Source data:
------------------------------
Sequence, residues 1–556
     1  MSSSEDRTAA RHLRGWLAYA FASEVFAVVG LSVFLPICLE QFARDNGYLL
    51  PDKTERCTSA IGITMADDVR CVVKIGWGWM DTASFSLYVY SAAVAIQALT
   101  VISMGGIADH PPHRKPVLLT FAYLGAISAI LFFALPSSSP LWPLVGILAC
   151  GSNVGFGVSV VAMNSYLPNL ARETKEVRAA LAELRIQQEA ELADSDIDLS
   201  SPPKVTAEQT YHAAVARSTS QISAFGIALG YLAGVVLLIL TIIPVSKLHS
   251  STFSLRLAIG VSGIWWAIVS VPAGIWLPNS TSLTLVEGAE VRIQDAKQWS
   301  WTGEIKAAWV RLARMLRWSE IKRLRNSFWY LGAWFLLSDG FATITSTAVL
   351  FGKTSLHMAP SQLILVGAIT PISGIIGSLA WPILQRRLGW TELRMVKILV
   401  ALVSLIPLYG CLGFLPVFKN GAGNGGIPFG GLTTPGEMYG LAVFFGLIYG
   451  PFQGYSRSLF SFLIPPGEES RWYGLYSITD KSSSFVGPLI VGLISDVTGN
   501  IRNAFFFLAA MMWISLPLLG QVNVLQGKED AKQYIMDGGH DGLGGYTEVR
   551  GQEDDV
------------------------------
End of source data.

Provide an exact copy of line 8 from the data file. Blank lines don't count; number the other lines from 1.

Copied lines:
   301  WTGEIKAAWV RLARMLRWSE IKRLRNSFWY LGAWFLLSDG FATITSTAVL